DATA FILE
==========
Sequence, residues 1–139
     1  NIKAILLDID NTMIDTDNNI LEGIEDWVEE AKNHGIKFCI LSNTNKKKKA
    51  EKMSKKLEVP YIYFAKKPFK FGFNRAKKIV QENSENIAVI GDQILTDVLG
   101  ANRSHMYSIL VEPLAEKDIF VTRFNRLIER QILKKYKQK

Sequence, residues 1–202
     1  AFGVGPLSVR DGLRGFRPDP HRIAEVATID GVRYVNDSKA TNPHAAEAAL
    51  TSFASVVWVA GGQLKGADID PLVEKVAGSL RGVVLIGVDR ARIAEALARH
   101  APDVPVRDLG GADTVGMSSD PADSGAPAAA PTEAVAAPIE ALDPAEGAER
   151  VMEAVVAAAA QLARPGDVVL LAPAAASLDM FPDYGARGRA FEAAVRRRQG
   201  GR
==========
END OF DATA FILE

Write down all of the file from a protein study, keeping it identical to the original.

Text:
Sequence, residues 1–139
     1  NIKAILLDID NTMIDTDNNI LEGIEDWVEE AKNHGIKFCI LSNTNKKKKA
    51  EKMSKKLEVP YIYFAKKPFK FGFNRAKKIV QENSENIAVI GDQILTDVLG
   101  ANRSHMYSIL VEPLAEKDIF VTRFNRLIER QILKKYKQK

Sequence, residues 1–202
     1  AFGVGPLSVR DGLRGFRPDP HRIAEVATID GVRYVNDSKA TNPHAAEAAL
    51  TSFASVVWVA GGQLKGADID PLVEKVAGSL RGVVLIGVDR ARIAEALARH
   101  APDVPVRDLG GADTVGMSSD PADSGAPAAA PTEAVAAPIE ALDPAEGAER
   151  VMEAVVAAAA QLARPGDVVL LAPAAASLDM FPDYGARGRA FEAAVRRRQG
   201  GR